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Title: Translating evidence into practice : behavioural support for smoking cessation
Author: Lorencatto, F.
Awarding Body: University College London (University of London)
Current Institution: University College London (University of London)
Date of Award: 2013
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Background: Evidence-based behaviour change interventions are increasingly implemented in wider clinical practice, such as smoking cessation behavioural support interventions (BSIs) delivered via the English NHS Stop Smoking Services (SSSs). However, the process of translating evidence into practice is complex, slow and often unpredictable. Aims: This thesis investigated factors related to the translation of evidence into practice for smoking cessation BSIs, including: specification and reporting of intervention components, fidelity and quality of delivery, and associations between implementation and outcome. Methods: Six mixed-methods studies were conducted using BSIs delivered by the NHS SSSs as a case study for examining implementation. In Study 1, a taxonomy of smoking cessation behaviour change techniques (BCTs) was applied to specify components comprising effective BSIs for pregnant smokers. Study 2 applied the taxonomy to assess the current standard of published reporting of the content of BSIs. Study 3 assessed the reliability of the taxonomy as a framework for specifying BCTs in transcripts of audio-recorded behavioural support sessions. Studies 4 and 5 applied the taxonomy to assess the extent to which manual-specified BCTs are delivered in practice (i.e. fidelity). Study 6 developed a 10-point scale for rating quality of delivery of a key BCT ‘goal-setting,’ and examined whether quality was associated with smokers’ enactment of planned quit attempts (i.e. outcome). Results: The taxonomy demonstrated consistently high reliability for coding into component BCTs the content of BCIs as described in published reports, trial protocols, service treatment manuals and session transcripts, (Studies 1-5). Using this method, 11 evidence-based BCTs for smoking cessation in pregnancy were specified (Study 1). Published reports of BSIs were inadequate, omitting on average 50% of intervention content originally specified in trial protocols (Study 2). Fidelity was found to be consistently low, with typically less than 50% of manual-specified content being delivered (Studies 4 and 5). It was possible to reliably assess quality of ‘goal-setting,’ which on average was low; however, higher quality of goal-setting significantly increased the likelihood of smokers enacting planned quit attempts (Study 6). Conclusions: Translation of evidence into practice for smoking cessation BSIs is not uniform, with information loss occurring as interventions are disseminated and delivered in practice. The taxonomy provides a reliable methodological approach for examining factors related to implementation. Observed translational issues may inform future training and interventions to improve implementation of BSIs in clinical practice.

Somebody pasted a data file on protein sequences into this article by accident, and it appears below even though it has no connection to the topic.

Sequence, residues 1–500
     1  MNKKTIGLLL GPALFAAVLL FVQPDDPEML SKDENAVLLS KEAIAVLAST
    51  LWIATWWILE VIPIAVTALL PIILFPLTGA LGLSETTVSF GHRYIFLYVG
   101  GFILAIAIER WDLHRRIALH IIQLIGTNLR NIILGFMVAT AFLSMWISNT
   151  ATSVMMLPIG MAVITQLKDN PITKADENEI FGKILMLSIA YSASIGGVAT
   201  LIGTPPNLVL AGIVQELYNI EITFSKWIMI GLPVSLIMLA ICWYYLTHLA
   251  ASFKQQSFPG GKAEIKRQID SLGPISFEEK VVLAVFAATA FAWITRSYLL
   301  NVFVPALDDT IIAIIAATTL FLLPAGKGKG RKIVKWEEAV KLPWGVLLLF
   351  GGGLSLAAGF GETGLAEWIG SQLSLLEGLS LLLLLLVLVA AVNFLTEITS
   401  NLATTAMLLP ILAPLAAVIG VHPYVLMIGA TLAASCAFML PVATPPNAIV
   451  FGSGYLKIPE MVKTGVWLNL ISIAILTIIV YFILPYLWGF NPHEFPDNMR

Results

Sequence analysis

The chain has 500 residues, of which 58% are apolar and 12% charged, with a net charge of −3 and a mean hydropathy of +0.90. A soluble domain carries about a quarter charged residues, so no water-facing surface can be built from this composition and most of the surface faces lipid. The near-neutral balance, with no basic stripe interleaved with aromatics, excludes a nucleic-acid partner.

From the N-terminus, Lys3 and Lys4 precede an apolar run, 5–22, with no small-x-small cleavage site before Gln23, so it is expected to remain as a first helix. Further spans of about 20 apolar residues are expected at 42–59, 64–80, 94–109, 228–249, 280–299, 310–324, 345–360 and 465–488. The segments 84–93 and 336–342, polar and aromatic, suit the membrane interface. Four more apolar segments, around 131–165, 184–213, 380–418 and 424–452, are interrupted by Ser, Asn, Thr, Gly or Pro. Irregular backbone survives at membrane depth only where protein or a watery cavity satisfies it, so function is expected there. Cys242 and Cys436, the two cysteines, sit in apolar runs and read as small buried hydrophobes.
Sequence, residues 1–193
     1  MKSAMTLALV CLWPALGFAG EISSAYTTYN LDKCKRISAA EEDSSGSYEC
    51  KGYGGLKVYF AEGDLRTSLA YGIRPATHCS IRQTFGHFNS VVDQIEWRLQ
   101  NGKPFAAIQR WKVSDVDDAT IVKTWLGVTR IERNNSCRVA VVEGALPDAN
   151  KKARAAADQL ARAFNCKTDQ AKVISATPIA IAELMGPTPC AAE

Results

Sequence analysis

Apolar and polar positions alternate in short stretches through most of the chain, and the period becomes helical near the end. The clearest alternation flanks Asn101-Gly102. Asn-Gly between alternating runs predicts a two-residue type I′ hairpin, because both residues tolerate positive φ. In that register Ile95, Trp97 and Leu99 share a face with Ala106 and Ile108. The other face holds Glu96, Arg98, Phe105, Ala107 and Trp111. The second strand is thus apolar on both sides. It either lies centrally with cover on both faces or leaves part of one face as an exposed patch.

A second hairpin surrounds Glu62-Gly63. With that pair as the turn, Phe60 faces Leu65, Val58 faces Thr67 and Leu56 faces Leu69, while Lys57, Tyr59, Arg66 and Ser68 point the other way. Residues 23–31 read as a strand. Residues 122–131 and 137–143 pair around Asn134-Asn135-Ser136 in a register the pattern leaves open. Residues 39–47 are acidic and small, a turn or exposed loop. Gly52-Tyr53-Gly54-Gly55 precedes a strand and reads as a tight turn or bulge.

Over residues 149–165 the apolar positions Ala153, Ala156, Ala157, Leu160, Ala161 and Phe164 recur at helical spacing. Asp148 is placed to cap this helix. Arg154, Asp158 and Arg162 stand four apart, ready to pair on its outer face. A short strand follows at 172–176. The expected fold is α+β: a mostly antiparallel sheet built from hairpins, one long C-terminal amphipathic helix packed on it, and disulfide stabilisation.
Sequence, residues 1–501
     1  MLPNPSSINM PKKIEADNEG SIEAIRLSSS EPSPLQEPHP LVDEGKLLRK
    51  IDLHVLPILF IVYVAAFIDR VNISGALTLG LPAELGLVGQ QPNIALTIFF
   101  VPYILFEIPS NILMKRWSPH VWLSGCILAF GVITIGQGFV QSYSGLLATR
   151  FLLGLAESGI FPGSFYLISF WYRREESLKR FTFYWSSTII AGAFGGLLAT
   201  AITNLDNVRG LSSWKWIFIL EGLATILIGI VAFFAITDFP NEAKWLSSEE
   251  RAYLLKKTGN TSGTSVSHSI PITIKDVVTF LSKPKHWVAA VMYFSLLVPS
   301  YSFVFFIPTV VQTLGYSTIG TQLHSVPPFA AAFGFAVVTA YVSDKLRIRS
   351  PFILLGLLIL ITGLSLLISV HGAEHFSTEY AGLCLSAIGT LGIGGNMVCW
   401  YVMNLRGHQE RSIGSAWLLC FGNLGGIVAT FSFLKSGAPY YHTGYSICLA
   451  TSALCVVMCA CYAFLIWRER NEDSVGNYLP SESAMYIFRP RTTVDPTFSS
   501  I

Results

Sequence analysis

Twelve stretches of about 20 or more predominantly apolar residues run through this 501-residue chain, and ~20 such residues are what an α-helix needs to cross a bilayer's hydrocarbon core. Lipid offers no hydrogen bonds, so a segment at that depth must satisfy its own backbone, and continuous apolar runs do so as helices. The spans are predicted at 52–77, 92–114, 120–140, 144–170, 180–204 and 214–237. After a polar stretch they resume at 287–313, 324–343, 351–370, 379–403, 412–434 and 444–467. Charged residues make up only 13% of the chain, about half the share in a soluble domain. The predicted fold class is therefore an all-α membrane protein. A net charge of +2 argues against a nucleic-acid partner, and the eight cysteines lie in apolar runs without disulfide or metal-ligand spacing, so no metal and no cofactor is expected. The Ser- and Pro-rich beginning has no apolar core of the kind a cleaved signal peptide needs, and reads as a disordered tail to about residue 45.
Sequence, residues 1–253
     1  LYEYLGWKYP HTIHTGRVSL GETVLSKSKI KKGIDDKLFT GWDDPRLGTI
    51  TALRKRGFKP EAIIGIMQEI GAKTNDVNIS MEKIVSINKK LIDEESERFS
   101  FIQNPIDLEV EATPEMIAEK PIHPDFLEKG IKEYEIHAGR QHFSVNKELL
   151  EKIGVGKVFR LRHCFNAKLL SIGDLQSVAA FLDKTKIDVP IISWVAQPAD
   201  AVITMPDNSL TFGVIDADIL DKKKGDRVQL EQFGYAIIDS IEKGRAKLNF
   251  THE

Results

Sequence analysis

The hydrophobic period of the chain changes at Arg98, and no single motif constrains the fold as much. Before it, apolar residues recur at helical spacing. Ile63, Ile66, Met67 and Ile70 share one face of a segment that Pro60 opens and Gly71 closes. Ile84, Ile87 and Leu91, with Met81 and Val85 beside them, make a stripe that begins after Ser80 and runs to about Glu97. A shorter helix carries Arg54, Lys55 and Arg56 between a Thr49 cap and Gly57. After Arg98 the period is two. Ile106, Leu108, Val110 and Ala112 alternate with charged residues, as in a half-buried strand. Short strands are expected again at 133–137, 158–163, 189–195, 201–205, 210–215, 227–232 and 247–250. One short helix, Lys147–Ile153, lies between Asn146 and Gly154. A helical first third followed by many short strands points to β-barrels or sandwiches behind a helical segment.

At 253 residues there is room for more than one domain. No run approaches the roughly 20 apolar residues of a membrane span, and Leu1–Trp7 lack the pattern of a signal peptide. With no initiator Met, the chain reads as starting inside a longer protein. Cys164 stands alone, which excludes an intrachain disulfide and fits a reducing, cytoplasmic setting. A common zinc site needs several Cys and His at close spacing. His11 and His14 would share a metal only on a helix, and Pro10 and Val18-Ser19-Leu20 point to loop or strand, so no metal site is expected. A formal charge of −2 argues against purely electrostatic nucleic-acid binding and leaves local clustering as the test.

Supervisor: Not available Sponsor: Not available
Qualification Name: Thesis (Ph.D.) Qualification Level: Doctoral
EThOS ID:  DOI: Not available